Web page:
This month Vulture will be publishing our critics’ year-end lists. So far we’ve covered TV, movies, albums, songs, books, theater, art, and classical performances. Today we add video games.
Video games have long been defined by largesse, wearing their estimated playtimes like a badge of honor. In 2015, many of those big games were quite good, but, as any dedicated binge-watcher knows, there’s only so much you can handle. In a year seemingly full of new installments for old franchises and games determined to monopolize your time, the best games often proved to be the ones that were able to be picked up and played at your leisure, without the requirement that you dedicate dozens of hours to lengthy and demanding quests.
Of course, that doesn’t mean you should say no to sprawling games. Read on for the titles — big and small, spanning various genres and platforms — that contributed to the weird and sometimes poignant picture that was the best of mainstream gaming in 2015.
1. Life Is Strange (PS4, Xbox One, PC)
Released in five episodes throughout the year, Life Is Strange is a game that isn’t really about action but decisions. You play as the teenage Maxine Caulfield, an aspiring photographer at boarding school who one day discovers that she has the power to rewind time. This slowly spirals outward into a chain of cause and effect based on the choices you make as a player — choices that really are important, since action isn’t really a part of the game as much as exploring its world and getting to know its characters.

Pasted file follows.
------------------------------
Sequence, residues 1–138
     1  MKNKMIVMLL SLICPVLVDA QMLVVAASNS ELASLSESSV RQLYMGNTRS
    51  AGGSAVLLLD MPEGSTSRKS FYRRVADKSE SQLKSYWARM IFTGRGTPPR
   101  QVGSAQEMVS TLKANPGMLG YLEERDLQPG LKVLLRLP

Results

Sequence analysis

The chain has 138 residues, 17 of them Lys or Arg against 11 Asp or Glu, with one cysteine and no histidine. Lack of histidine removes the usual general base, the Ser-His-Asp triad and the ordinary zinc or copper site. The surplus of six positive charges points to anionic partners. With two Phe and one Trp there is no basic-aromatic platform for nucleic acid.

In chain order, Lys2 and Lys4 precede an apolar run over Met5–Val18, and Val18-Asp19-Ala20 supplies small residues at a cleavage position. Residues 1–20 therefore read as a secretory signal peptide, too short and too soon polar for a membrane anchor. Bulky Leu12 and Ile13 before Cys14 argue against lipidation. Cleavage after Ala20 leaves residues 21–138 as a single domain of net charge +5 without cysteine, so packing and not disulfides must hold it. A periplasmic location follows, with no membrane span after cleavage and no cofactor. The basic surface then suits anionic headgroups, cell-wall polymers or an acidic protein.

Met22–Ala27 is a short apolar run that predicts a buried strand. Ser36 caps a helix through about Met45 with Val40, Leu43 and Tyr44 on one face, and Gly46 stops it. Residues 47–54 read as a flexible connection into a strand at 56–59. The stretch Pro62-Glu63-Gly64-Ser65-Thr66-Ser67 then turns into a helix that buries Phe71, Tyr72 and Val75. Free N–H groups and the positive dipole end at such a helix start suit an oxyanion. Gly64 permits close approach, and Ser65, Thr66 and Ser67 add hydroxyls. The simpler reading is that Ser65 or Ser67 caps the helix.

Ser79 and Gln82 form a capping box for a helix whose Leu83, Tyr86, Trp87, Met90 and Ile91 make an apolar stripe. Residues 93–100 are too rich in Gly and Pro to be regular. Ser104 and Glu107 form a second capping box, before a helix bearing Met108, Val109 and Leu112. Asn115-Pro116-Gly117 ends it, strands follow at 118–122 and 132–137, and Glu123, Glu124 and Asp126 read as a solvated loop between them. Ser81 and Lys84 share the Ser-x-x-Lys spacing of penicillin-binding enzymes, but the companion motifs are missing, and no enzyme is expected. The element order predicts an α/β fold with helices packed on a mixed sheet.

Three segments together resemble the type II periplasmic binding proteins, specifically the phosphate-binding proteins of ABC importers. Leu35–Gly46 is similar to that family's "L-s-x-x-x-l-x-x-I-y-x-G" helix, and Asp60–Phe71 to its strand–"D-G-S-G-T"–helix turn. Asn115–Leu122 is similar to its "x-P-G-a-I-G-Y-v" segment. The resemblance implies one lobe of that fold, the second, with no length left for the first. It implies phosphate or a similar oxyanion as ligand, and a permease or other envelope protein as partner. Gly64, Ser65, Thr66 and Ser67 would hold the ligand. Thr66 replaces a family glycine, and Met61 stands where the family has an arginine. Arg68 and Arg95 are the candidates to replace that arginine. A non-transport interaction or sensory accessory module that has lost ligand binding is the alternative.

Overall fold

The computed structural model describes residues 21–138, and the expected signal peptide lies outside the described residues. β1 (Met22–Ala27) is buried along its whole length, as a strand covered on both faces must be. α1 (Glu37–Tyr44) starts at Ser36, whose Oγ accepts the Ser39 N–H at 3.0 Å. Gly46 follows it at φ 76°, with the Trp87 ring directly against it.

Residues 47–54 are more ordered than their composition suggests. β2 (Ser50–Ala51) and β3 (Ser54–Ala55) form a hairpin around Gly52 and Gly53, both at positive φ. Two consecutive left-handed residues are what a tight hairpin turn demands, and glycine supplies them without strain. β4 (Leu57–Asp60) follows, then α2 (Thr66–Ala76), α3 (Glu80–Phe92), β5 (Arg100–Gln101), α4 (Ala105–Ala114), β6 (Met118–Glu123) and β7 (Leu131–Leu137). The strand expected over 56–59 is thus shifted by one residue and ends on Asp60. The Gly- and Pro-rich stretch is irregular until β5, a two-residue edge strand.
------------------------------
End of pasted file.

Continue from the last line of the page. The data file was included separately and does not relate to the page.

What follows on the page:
You could fill a bucket of considerable size with the storytelling tropes Life Is Strange happily checks off, and you will, at times, wince at its writing; adding up its flaws and strengths will almost certainly, on paper, leave it wanting. Playing through it, however, is mesmerizing. It is gentle and moving and, at its best, agonizing in the choices it asks you to make. If you let it, the game will make you smile at one moment and devastate you in the next. But more important, it’s a game that will compel even non-gamers to stop and wonder if perhaps this might be for them.
2. The Witcher 3: Wild Hunt (PS4, Xbox One, PC)
Vastness is considered a virtue of mainstream video games; making that vastness meaningful, however, is often less of a concern. Offering the rare combination of quality and quantity — and a staggering excess of both — is The Witcher 3, a mature fantasy role-playing game with an appropriately sweeping narrative set in a world full of small things equally worth your time and attention. For example: Gwent, the deviously simple, fully realized card game many characters play.
3. Bloodborne (PS4)
Pairing the unforgiving (yet fair!) dungeon crawling of the Dark Souls games with a Gothic nightmare city populated by Lovecraftian horrors, Bloodborne teases players with an obtuse story and challenging difficulty, daring them to overcome both. Doing so is not easy, but it’s absorbing in a way few games are, as fear gives way to mastery and the setting and story are slowly revealed to those who persevere.
4. SOMA (PS4, PC)